Sources of energy for muscle contraction (energy metabolism) .
Creatinephosphate Skeletal muscle contains phosphocreatine, which acts as an energy store for short-term (seconds) demands.
Skeletal muscle cannot contribute directly to blood glucose because it does not contain glucose-6-phosphatase.
Anaerobic metabolism in skeletal muscle produce Lactate (anaerobic glycolysis) then passes to liver to synthesize glucose, which can then return to muscle (the Cori cycle).
In the fed state, most glucose is used to synthesize glycogen
Free fatty acids & ketone bodies are a major source of energy Proteolysis supplies amino acids for gluconeogenesis.
Metabolism of branched-chain amino acids
Major amino acids emanating from muscle are alanine (destined mainly for gluconeogenesis in liver and forming part of the glucose-alanine cycle) and glutamine (destined mainly for the gut and kidneys).
Epinephrine stimulates glycogenolysis in skeletal muscle, whereas
Glucagon does not because of absence of its receptors. Insulin acts on skeletal muscle to increase uptake of glucose
Actin, myosin, tropomyosin, troponin complex (TpT, Tpl, and TpC), ATP, and Ca2+ are key constituents in relation to contraction.
The Ca2+ ATPase, the Ca2+ release channel, and calsequestrin are proteins involved in various aspects of Ca2+ metabolism in muscle.
Biochemical events that occur during one cycle of muscle contraction & list the determinants that lead to relaxation Muscle contraction subject to fine regulation via the nervous system (1)Discharge of motor neuron (2) Release of transmitter (acetylcholine) at motor endplate then binding receptors (3) Increased Na+ and K+ conductance in endplate membrane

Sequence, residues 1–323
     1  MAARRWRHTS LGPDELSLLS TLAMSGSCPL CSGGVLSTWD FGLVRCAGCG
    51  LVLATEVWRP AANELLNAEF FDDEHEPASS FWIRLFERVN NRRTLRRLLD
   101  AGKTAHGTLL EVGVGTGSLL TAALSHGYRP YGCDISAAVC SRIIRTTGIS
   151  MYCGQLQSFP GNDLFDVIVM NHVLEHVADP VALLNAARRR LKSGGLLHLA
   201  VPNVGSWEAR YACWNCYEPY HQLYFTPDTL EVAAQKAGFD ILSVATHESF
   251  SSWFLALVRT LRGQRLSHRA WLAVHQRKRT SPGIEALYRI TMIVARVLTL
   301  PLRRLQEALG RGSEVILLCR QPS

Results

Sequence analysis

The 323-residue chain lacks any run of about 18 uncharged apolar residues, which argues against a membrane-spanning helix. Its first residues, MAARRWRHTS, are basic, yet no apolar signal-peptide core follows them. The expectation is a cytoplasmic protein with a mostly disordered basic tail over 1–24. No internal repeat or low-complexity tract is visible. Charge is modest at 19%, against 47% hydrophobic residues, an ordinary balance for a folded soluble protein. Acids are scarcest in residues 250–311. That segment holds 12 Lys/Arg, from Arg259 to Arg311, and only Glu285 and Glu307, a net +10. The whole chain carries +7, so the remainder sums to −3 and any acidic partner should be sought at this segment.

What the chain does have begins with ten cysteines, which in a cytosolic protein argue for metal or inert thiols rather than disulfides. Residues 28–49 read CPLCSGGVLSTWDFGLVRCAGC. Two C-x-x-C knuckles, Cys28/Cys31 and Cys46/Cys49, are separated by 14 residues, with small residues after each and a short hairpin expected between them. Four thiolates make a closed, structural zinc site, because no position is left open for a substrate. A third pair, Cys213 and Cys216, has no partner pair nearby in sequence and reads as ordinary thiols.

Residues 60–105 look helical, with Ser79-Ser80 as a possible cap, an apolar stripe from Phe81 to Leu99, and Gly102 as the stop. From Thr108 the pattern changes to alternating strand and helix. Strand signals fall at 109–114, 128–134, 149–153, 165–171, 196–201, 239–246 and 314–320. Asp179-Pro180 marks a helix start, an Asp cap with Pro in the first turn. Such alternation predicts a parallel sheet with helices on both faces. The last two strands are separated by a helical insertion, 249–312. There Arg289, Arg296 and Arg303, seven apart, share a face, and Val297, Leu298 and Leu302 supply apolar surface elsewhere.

Steps in Muscle Contraction (Resting sarcomere) Step 1: Head of myosin hydrolyzes ATP to ADP and Pi to result ADP-Pi- myosin complex (high-energy conformation.) Step 2: (in response to nerve/Ca2+ stimulation) Ca+ binds to troponin exposing active site on actin forming actinomycin complex Then binding to ADP-Pi- myosin complex Step 3: Promotes the release of Pi, which initiates the power stroke (conformational change in myosin heads ), then release of ADP Pulling of crossbridgeactin towards center of sarcomere(shortening )
Step 4: Myosin head binds another ATP Forming an actin-myosin-ATP complex. Step 5: (key component of relaxation) Myosin-ATP has a low affinity for actin, and actin is thus released. In step 4: If intracellular levels of ATP drop (eg, after death), ATP does not bind myosin head (step 4 above), and actin does not dissociate, and relaxation (step 5)does not occur.
Steps in relaxation Step 1: Ca2+ pumped back into sarcoplasmic reticulumbyCa2+ ATPase Step 2: Release of Ca2+ from troponinC Step 3:Troponin, via interaction with tropomyosin, inhibits further myosin head and F-actin interaction. Step 4: Presence of ATP, myosin head lead to release of F-actin. Step 5: The end of interaction between actin and myosin
The role of calcium ions in muscle contraction & relaxation During contraction Sarcolemma depolarization: Spreads to internal T tubule system Ca2+ is released from the SR and from the extracellular space Ca2+ interacts with calmodulin (TpC) and myosin light chain kinase to activate myosin (uncovering of myosin binding sites). Activated calmodulin activates the Myosin/ATPase (kinase) Activated kinase transfers phosphate from ATP to myosin cross bridges Phosphorylated cross bridges interact with actin to produce shortening (contraction)
During relaxation: SarcoplasmicCa + + reduced and pumped into the SR by ATP-driven Ca + + pump Troponin and tropomyosin, inhibits myosin head and F-actin interaction (covering of myosin binding sites) , and in the presence of ATP the myosin head detaches from the F-actin. Reference: Harper’s Illustrated Biochemistry Chapter 49:Muscle & the Cytoskeleton